I used to think tapering meant feet up, hardly any running and lots of eating for a week or so before the event.
For pro advice, you can read about tapering with coach David Roche here. For anecdotal experience, read on.
How I used to taper
I looked forward to the tapering week, sometimes two. Take it easy, occasionally run a few k’s. By a few I mean 3-4. So very little.
It meant a week or so of eating whatever I wanted. Awesome!
Days of sitting around, usually reading. That’s not so bad. There’s always something to learn.
But there was something that quite right. Reaching race day as I did in May this year, I felt heavy. Heavy legged.
My overall programme, which could be named hit and miss at best, was ending with a slothful period.
What was I thinking?
To put on a positive spin, it was a learning experience that has led to something much better.
How I am tapering now
Good training is sustainable trainingDavid Roche
Tapering is part of the programme. With a measured, gradual approach to building fitness, speed, resilience, quality movement, stability and more, I have no need to spend a week or two resting to recover.
The week before SDW 100 miler, my training now looks like this:
- Saturday: 20k easy on trails, hilly not steep. Run down hills with brakes off (building courage and skill)
- Sunday: 10k easy + 4 x 30 sec hills (fast & smooth)
- Monday: rest day, stretching/mobility, breathing
- Tuesday: 10k easy, core/stability training
- Wednesday: 8k easy
- Thursday: 5k easy
- Friday: 5k easy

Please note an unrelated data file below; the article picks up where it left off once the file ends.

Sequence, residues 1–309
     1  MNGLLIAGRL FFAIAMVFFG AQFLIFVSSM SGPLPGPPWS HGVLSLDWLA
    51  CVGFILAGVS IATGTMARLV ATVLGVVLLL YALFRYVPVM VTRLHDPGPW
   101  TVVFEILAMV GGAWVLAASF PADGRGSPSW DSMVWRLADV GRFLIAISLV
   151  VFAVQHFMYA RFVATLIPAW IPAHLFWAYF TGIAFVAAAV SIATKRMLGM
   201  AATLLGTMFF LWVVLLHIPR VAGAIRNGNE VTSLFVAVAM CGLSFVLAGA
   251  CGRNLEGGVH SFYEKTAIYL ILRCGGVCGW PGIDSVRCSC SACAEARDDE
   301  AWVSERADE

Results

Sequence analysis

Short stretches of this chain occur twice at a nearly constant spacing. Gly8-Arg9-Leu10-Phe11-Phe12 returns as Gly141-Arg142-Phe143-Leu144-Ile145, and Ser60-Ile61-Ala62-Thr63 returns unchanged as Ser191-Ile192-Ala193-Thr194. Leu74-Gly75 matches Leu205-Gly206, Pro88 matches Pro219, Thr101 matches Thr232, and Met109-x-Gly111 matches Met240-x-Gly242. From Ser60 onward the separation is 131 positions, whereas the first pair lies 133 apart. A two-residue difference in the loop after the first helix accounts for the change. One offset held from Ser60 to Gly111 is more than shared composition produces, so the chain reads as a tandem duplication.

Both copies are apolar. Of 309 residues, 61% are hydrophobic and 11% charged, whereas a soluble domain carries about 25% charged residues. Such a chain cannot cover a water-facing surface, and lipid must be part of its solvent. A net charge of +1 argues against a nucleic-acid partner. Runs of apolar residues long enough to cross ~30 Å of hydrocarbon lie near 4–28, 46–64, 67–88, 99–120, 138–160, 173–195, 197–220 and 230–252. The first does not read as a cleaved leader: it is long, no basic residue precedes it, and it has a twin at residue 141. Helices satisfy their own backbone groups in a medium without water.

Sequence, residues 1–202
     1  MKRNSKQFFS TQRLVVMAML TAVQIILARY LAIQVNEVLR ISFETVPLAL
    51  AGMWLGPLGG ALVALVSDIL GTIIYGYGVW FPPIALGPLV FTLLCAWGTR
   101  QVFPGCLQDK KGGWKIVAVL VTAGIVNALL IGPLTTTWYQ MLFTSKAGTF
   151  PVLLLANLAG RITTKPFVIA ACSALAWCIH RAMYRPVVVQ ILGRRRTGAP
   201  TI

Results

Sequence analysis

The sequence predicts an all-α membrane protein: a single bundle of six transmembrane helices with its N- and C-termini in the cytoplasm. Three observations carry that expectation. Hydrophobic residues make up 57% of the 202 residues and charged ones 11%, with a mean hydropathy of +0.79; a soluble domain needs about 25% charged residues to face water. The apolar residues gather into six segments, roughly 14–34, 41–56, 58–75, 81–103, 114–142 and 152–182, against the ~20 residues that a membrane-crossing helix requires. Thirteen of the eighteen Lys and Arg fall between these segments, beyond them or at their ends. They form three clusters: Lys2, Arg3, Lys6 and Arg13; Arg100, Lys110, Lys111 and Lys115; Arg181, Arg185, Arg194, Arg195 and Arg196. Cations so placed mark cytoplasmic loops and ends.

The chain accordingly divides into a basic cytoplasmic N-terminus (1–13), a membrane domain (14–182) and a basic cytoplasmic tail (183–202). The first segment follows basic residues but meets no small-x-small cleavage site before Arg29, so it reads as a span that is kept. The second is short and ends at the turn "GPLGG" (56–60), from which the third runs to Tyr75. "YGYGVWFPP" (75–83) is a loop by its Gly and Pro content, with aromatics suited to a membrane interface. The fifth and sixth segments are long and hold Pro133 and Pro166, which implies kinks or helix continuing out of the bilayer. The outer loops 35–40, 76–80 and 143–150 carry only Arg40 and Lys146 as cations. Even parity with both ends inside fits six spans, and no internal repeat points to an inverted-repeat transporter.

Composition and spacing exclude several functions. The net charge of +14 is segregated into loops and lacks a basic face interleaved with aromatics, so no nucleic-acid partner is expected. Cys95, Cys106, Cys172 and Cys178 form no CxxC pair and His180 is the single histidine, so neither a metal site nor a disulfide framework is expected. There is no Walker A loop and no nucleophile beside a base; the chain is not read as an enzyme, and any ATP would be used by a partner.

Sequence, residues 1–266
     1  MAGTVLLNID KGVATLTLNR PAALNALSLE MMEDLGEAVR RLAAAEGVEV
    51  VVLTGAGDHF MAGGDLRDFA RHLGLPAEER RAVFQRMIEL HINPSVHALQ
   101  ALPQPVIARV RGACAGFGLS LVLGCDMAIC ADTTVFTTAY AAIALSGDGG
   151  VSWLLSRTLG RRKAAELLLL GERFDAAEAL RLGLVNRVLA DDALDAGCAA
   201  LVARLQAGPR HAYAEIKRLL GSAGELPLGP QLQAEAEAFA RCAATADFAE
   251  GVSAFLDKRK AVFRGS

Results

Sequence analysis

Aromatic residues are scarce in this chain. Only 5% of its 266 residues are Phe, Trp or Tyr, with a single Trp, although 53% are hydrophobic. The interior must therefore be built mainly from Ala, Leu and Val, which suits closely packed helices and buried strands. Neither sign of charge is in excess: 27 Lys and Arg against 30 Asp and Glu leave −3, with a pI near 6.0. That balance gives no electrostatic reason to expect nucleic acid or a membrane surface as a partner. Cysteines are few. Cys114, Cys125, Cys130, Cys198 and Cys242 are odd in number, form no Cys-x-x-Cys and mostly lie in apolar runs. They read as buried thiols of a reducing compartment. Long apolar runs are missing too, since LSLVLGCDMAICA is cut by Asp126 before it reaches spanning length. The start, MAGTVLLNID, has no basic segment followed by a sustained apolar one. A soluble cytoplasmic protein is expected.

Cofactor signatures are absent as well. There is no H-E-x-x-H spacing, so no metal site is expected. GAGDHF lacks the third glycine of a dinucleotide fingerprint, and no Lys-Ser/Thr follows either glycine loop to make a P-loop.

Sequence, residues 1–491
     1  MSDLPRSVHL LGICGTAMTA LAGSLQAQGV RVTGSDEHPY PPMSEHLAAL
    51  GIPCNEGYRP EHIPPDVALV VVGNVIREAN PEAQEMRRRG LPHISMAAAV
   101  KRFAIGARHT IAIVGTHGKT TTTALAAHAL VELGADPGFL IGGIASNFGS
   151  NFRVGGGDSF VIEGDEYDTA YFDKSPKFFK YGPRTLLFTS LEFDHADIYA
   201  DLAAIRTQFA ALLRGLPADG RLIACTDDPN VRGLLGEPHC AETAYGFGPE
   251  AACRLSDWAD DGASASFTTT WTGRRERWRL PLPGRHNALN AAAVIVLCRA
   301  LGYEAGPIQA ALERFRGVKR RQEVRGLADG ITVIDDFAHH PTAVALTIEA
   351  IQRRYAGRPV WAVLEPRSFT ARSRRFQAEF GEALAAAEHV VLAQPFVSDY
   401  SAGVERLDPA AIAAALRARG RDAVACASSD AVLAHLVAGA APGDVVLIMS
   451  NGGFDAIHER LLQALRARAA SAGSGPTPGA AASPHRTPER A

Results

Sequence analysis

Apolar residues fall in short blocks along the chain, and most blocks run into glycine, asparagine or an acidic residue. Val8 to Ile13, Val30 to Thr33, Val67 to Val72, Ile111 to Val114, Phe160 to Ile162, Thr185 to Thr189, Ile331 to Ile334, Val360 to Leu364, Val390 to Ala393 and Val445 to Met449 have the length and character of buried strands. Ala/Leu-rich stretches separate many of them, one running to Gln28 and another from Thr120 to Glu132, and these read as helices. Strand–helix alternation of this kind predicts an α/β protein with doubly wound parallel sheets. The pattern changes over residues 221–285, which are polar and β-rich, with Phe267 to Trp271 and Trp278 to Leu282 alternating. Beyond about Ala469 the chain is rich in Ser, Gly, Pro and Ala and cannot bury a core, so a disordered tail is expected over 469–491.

- Saturday: SDW
Feeling rested, ready, and relishing the opportunity to hit the trail next Saturday.
Now that is tapering.
Several times a day I stretch with micro practices dotted through the day – balance, stretch, mobilise, massage gun, roll, yoga pose, mindful breathing.
Most days I will sit and meditate. Other days are micro meditations of a few minutes. I am lucky because I get to practice with people most days as well in the clinic when we look at different ways to change state, create calm and clarity to help overcome persistent pain.
Walking. I walk everywhere.
Standing. At home I stand to work. In the clinic, I get up and move around often as a matter of course.
Our mind’s are embodied. Thinking emerges from the body state and the body state can depend upon what we are thinking. There really is no separation. We have just the one experience.
Hence, movement is a fundamental part of being at our best.
The team looked after my dad and us so well in his final days. To help them continue this vital end of life care is so important to our society.